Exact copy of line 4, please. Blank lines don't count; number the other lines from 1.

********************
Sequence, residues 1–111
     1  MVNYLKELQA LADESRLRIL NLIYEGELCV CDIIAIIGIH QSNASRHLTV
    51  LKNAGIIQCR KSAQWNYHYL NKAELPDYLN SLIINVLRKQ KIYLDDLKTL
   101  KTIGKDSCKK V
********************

   101  KTIGKDSCKK V